“People need to be understood that it’s not a character flaw,” she said.

Nevedal said getting the right help is also key. As in Taylor’s case, the wrong kind of medication — and event the wrong dosage — can be harmful.

“Too often you don’t even know someone is going through this; they’re walking around with this persona that they have it all together, and inside they’re like ‘I can’t believe this is happening to me. I’ve always been the strong one,’” she said. “They’re suffering in silence.”

Taylor did not — she spoke up about her feelings and today enjoys her life with 5-year-old Madeline and 2 1/2-year-old Emma.

“This experience was a learning one for me. It was the worst time of my life,” Taylor said. “I’d never been to such a dark place before even though I’d had experience with depression. This was different. This bout included shame, fear, mourning and desperation. I would never wish PPD upon my worst enemy.”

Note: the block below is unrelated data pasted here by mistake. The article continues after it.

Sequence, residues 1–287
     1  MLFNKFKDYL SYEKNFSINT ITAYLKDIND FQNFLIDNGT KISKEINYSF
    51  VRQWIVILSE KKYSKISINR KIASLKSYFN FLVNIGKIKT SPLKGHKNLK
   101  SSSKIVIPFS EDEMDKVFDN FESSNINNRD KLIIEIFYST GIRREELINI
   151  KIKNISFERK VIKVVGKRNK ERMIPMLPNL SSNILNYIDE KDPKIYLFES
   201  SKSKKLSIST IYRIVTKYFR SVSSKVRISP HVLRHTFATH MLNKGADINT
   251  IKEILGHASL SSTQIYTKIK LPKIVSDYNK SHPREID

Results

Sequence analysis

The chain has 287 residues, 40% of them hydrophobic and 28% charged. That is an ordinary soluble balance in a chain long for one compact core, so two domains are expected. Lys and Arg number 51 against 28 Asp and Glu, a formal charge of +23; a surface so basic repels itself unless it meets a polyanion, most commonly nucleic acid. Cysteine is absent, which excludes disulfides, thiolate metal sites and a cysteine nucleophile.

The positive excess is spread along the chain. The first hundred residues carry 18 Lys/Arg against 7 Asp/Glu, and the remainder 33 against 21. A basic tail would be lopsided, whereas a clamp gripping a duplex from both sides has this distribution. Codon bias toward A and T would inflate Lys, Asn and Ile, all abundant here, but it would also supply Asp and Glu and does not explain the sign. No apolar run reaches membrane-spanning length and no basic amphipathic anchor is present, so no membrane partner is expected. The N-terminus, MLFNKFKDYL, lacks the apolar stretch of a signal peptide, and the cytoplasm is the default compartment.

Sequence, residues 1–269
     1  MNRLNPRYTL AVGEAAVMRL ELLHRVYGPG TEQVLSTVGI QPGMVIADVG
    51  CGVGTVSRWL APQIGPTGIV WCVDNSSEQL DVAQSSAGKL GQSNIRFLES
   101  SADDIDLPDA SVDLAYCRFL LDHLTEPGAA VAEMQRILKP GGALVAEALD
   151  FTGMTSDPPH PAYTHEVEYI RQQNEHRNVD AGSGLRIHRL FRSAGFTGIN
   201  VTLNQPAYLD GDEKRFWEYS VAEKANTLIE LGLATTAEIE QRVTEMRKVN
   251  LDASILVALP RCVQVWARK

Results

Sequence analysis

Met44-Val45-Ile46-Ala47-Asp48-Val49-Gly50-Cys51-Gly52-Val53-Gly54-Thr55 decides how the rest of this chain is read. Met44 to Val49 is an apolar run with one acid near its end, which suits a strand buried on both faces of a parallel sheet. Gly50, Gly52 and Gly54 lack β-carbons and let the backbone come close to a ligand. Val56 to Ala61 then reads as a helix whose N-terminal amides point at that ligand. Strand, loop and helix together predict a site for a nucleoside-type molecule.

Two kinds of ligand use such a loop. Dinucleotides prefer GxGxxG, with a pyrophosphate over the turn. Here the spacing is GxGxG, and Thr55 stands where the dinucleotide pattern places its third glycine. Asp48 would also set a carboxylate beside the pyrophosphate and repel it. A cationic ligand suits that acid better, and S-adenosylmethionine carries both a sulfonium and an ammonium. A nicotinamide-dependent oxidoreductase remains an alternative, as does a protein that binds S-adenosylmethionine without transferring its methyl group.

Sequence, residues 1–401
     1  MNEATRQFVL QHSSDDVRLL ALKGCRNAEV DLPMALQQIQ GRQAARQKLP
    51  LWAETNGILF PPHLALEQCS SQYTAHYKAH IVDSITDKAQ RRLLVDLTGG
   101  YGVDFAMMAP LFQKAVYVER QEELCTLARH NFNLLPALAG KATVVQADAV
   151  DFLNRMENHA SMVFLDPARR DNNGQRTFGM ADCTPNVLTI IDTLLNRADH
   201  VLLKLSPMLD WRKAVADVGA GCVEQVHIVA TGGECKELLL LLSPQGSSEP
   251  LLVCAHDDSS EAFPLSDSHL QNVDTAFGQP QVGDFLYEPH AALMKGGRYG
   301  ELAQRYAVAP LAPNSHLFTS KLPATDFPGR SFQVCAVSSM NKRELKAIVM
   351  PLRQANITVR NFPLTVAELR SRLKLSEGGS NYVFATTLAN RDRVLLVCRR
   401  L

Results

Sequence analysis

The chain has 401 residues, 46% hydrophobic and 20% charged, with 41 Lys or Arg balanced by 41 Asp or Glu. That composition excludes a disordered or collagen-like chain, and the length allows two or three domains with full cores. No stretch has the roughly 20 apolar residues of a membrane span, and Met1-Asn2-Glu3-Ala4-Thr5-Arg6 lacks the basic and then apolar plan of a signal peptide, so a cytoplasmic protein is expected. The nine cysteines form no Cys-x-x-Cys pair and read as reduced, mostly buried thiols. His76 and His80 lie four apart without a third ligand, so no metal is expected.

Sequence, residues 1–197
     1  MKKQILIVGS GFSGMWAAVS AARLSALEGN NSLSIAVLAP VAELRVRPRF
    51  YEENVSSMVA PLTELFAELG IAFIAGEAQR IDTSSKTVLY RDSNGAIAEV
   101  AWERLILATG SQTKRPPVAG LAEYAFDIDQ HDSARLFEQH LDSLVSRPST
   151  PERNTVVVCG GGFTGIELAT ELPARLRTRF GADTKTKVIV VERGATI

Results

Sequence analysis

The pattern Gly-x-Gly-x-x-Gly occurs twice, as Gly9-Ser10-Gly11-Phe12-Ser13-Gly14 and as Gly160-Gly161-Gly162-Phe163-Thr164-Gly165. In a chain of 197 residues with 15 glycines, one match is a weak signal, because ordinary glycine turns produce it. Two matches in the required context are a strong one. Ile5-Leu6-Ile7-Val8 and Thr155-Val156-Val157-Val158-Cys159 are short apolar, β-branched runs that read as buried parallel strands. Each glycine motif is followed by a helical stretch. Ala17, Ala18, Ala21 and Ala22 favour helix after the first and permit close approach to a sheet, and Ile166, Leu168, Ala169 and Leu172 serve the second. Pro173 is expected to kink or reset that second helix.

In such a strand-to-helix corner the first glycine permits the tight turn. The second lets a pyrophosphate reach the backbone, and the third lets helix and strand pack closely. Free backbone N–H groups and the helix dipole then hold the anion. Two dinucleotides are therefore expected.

Taylor was hospitalized for more than a week during her ordeal, and prescribed different medications for her anxiety and depression.

“I’m thankful for the wonderful support of my family, friends and doctors,” she said. “However, the one person who stood by me, no matter what, was my husband. Not all women are lucky enough to have a supportive husband in such situations. I’m thankful every day for him and feel proud of myself for having survived such a nightmare.”

St. Joan of Arc Church is located at 22412 Overlake, east of Greater Mack and north of Eight Mile. For more information on the Women’s Renewal Retreats, go to

You can reach Staff Writer Julie Snyder at or at (586) 498-1039.